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7 Best Camping Spots for a Motorcycle Tour Around Lake Superior

Rolling up to the Agawa Bay Campground - Photo by Alexandra Sawicki

#ontariomotoroads

If you're going to do something as incredible as looping the world's largest lake, you may as well go whole hog and camp it too.



Recently a friend asked me where the best camping spots were along Lake Superior. I’ve ridden the north shore about 10 times and a couple of those with a pop-top trailer or RV. I’ve had the pleasure of watching incredible thunderstorms roll in over lightly populated beachfront campgrounds, and catching pike and walleye off a dock while gazing over the Sleeping Giant, and while I love a nice clean comfy hotel room, there isn’t much that can compete with the intimacy one feels with nature when camping—especially in Northern Ontario.

If you’re a rider who has done any kind of camping before, these campgrounds will provide all the amenities you’ll need—and often for a very reasonable price. If you’re planning on staying for more than a night, most offer some short hiking trails with killer views. 

Ontario’s official provincial parks have paved roads into the park—and more often than not, they are incredible. My personal favourite is the Sibley Road just outside of Thunder Bay, but Neys Provincial Park road is pretty great too. 

Once you’re into the campground sections of the parks you’ll find roads with hard packed gravel or dirt. Most bikes should have no problem navigating this territory as long as they are navigated slowly, but if it rains you might want to navigate the campgrounds a bit more carefully. 

Easily one of the most breathtaking sunsets on the list, Agawa Bay is an absolutely stunning campground with campsites situated between tall pines mere metres from the beach. The beauty here is truly ethereal. The beach is sandy on shore, and large smoothed rocks just past the water’s edge. Superior is a chilly lake, but in the heat of mid-August, anyone can muster the courage to face the cool, crisp, clear waters.

Neys Provincial Park, Outside Marathon, On

A former POW camp during World War II—a location so remote there were no walls or locks here as anyone who “escaped” would surely die—Neys is another spectacular campground located very close to the beach. The sandy beach is framed in its cove by wind and water-worn rocks like you might expect in Georgian Bay. Storm watching here is incredible and water in the shallow protected bay is a bit warmer that the rest of Lake Superior. 

Sleeping Giant Provincial Park, Outside Thunder Bay, On

The park is great. The hiking trails are great. Views of the “sleeping giant,” a massive rock formation that looks like a... sleeping giant are great. The road in (known as the Sibley road) is really great. It’s tough to stick to the speed limit, but with the population of deer in the area, we highly recommend it.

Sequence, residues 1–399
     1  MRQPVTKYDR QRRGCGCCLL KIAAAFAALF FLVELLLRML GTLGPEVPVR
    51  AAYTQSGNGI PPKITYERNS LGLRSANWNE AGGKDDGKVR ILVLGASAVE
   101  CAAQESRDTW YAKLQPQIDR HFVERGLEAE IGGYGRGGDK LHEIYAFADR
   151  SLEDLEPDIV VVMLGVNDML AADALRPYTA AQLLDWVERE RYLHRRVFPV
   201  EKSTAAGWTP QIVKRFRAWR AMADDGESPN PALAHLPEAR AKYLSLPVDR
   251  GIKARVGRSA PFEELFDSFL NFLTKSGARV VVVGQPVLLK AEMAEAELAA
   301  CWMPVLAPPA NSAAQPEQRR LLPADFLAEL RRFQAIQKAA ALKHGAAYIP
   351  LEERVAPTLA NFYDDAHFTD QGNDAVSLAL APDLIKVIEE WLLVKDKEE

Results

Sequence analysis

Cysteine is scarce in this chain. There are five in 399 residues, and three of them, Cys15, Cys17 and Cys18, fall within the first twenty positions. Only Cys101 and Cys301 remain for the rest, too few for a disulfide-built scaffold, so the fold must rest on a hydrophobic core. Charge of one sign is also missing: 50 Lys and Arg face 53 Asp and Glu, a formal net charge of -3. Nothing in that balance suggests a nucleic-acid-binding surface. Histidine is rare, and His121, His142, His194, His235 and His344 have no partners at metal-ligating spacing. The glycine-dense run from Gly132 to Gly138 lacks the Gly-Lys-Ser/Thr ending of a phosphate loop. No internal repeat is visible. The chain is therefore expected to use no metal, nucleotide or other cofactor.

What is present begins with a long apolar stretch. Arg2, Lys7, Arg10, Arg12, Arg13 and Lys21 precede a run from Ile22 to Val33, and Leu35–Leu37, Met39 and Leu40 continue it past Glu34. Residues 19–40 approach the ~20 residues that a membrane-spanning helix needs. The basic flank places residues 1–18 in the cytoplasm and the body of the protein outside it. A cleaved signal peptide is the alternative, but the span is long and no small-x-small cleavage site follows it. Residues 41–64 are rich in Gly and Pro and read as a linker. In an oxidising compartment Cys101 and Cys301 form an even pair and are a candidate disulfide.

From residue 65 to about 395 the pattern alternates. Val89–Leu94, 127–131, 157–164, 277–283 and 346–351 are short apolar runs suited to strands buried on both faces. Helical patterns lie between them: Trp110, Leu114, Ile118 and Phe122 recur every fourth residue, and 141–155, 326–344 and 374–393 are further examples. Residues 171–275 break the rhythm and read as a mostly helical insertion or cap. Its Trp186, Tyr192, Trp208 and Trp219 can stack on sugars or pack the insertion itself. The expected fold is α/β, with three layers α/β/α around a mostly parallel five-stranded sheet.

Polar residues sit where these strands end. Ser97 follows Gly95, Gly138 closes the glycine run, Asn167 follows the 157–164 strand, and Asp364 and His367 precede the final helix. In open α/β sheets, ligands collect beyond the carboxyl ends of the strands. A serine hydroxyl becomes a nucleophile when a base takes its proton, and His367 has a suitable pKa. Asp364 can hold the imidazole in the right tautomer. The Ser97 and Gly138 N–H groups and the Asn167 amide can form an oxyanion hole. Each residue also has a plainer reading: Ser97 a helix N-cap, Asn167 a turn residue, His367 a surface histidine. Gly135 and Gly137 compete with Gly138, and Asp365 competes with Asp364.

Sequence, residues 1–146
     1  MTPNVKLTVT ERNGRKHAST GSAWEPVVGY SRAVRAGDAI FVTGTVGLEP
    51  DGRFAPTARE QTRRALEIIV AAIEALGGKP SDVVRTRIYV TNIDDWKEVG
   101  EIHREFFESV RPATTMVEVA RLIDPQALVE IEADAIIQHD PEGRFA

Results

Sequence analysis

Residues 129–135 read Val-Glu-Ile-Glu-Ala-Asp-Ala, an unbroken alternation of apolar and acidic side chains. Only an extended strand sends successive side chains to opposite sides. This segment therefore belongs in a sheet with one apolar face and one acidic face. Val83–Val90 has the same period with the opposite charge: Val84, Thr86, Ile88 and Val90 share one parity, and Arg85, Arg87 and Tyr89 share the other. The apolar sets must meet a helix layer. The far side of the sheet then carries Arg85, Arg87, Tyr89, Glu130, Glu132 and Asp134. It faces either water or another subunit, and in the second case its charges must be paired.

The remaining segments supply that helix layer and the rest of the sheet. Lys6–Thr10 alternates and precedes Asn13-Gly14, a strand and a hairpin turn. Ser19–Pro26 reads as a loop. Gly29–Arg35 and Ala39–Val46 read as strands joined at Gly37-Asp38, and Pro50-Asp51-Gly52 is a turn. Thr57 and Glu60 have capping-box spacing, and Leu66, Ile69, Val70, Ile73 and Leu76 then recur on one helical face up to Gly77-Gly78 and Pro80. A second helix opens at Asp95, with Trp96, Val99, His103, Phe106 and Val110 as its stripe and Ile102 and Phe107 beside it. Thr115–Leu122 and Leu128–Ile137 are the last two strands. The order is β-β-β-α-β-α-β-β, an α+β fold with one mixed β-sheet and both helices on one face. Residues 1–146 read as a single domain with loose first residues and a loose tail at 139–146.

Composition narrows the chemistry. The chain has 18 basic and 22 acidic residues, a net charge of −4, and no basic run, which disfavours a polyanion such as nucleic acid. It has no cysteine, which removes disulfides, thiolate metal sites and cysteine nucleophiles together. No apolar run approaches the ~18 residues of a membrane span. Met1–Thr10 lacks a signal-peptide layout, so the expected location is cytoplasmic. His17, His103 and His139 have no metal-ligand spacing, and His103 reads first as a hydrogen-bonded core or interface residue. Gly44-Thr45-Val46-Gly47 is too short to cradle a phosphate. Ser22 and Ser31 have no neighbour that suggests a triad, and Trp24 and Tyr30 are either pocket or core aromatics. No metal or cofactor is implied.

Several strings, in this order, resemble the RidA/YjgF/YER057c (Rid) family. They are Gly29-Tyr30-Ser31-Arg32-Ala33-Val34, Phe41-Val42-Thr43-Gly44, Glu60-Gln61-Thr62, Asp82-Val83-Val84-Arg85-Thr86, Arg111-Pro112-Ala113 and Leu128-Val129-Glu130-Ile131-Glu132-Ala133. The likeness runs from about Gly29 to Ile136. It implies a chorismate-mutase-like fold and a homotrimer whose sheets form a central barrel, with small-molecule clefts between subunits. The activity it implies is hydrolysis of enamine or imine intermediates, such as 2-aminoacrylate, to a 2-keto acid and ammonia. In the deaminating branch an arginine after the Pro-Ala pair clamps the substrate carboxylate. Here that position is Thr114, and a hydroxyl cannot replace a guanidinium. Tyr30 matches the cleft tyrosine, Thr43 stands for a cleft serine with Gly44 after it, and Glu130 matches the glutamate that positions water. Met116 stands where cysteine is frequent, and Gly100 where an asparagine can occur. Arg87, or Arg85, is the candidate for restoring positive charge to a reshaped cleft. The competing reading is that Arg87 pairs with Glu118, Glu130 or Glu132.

Thunder Bay KOA, Thunder Bay, On

While not directly on Lake Superior, this campground is clean, calm and close to the city—close to Uptown Cut (New York Times said this was possibly the best steak in North America), The Sovereign Room, and The Hoito. And if you absolutely need to get out on the lake, you can ride over to Sail Superior Charters for a day out on the bay.

Fort Wilkins State Park Campground - Copper Harbour, Mi

Fort Wilkins is doubly enjoyable—with a pioneer village and historic relics as well as its great location on the most northerly part of Michigan’s upper peninsula. The ride up to Copper Harbour is an essential part of any trip around Superior. You’ll catch incredible views of the lake through pristine forests, but the crown jewel is the road that crests on one of the mountains here, overlooking the sleepy town and harbour.

Brimley State Park, Brimley, Mi

Magnificent sand dunes and beaches with full-service campgrounds and killer sunsets. This park is very family friendly, so if you like to stay up late, try to make it to the next one!

With both campsites and cabins, this state park allows visitors to experience a higher level of roughing it. Scenery includes incredible cliffs, majestic waterfalls and some historic places listed on the US National Register. Check out High Falls of Baptism River and Shovel Point Palisades for picnic locations. 

There you have it! If you’re looking for further advice on where to camp while riding in Ontario, don’t hesitate to ask us at the What A Ride Facebook page!

A final note: please consider the impact that engine noise has on other campers. While most campers won’t be bothered by the sound of a V-twin making it’s way to its site, running your engine unnecessarily breaks the calm that people are seeking when going camping. 

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